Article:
STEINER: Yes, a very high level and as a result I was very self-confident at the entrance exam for the Academy in Vienna. I knew all of Prouvé’s façade details by heart, which gave me great self-confidence. As I already said, as a student I started to write for Achleitner and after I graduated people from all over asked me to write texts for them. I never had the need, as other architect’s did, for exhausting self-affirmation. I came to realise that through work in the media you can positively influence the general climate and that this was also a way in which something could be done for contemporary architecture. That’s one part of my biography. The other was the fact that in the 1970s I travelled a lot abroad visiting congresses, seminars, conferences and similar manifestations. In the 1970s, and even more so in the 1980s, I existed in two realms – in the local and in the international. I never complained about the local one, so that it remained unknown. In the early 1990s Viennese politicians asked me to give them a concept for an architectural forum or centre. I made the concept and they insisted that I also realise it.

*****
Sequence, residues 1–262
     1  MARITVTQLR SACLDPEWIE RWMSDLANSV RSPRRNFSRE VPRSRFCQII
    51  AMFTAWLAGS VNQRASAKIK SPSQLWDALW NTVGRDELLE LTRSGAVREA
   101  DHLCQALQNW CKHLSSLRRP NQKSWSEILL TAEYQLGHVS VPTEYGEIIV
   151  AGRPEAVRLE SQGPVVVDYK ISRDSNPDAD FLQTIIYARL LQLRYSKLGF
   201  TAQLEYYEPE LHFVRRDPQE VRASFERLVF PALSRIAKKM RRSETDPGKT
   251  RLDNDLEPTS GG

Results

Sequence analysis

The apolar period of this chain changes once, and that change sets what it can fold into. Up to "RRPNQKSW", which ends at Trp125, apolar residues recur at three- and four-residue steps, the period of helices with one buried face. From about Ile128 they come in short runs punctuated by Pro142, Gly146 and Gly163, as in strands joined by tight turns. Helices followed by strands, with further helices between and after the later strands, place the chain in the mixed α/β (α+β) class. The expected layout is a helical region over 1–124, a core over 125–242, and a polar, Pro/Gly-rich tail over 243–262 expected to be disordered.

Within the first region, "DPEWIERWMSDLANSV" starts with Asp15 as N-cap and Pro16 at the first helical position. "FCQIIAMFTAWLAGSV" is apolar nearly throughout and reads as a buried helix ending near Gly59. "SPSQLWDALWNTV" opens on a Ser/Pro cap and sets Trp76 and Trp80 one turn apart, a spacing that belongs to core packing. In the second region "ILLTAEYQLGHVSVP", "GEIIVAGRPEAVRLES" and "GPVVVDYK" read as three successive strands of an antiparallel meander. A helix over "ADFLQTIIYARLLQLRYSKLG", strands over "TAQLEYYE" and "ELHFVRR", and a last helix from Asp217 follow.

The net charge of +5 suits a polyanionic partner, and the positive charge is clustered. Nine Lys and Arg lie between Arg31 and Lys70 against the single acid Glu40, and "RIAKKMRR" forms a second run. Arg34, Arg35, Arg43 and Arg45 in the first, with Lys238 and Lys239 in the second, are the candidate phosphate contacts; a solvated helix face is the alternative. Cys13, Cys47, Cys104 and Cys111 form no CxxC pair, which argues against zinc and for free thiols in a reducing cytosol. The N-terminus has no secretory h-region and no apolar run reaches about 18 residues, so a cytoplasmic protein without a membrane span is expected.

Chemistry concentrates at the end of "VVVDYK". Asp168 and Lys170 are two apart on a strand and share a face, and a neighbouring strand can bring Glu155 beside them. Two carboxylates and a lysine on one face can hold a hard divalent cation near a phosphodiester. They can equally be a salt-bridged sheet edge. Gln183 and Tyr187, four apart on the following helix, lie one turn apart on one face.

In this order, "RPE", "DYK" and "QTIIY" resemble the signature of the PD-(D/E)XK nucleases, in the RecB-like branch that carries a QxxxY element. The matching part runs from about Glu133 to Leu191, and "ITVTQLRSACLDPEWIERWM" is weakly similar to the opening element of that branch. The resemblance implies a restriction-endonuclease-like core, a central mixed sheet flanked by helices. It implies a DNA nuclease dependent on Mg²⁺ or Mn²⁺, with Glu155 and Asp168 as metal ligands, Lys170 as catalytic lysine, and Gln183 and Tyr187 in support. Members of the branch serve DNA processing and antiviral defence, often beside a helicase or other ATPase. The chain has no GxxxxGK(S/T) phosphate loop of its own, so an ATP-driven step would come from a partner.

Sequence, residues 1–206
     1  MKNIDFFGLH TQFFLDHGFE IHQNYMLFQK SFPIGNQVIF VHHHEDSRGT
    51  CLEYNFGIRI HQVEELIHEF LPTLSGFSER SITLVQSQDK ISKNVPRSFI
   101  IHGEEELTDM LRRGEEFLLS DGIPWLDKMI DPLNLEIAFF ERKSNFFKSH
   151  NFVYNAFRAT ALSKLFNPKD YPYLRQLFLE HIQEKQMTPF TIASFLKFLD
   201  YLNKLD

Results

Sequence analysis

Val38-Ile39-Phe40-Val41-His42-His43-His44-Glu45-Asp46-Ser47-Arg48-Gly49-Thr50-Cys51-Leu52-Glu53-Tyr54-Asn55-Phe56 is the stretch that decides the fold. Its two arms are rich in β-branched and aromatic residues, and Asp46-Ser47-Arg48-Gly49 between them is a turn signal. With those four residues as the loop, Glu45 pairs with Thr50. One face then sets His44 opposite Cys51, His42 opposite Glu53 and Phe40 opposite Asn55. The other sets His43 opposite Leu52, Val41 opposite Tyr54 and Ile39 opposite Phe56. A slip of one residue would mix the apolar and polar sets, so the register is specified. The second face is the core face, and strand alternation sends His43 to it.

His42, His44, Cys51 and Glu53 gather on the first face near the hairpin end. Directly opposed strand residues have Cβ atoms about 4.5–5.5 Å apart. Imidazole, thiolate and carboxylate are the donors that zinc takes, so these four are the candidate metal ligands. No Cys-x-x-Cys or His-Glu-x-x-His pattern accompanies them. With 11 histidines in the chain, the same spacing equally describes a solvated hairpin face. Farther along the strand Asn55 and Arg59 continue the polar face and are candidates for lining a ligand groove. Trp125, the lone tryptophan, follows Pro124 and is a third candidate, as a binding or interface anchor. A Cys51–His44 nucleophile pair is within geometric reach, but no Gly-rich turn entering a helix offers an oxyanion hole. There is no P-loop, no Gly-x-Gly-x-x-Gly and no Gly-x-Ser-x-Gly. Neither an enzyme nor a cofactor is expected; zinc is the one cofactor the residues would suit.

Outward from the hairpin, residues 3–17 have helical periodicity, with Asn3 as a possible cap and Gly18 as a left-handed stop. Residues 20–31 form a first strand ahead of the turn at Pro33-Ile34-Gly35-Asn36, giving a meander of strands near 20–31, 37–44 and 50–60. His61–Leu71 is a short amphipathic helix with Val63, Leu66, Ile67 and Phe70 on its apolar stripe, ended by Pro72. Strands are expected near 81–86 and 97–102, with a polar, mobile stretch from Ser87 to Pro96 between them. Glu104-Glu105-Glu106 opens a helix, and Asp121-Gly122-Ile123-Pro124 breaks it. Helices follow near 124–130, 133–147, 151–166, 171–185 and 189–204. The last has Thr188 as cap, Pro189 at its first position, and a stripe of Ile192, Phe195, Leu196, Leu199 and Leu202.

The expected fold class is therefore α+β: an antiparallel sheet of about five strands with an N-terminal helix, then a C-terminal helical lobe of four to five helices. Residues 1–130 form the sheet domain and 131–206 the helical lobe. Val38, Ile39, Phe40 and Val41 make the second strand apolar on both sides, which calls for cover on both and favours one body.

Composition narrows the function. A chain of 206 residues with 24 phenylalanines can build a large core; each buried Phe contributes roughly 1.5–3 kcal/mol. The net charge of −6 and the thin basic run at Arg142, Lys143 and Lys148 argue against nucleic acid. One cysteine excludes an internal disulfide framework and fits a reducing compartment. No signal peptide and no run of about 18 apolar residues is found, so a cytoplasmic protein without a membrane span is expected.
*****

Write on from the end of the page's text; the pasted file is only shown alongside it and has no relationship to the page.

ORIS: This was how the Architecture Centre Vienna (Architektur Zentrum Wien - AZW) came to be.
STEINER: The politicians saw it more as gallery of architecture for international exhibitions which would be headed by Steiner and his personal assistant. Then two things happened. Firstly, we achieved unexpected success with the public, which we had not counted on. I counted on 100-200 people visiting the opening of exhibitions, as is the case with the AEDES gallery in Berlin. The public and media reacted favourably to the fact that we existed. The public asked for more. This is how the aspect of a public service was pushed into the foreground. Thanks to the support of a policy, which had for years promoted the “savings package”, we were able to increase our budget and realise other items in our program.

ORIS: In the meantime the AZW developed into an international forum. Even from the very beginning the “Viennese Architectural Congresses” held in your organisation were visited by international experts, leading figures who defined the international scene. Was this because Vienna was attractive to them as a city that had gained significance in the 1980s as a result of intensified interest for the period of the Viennese turn of the century, which also brought life to the local scene? The topics of your congresses aroused interest, probably because they dealt with burning issues – “The European Sprawl”, “Conventional Thoughts in Chaos Europe”, Hearts of Europe”, “Where Will We Live?”, “The Future of Cities – Learning From Asia”.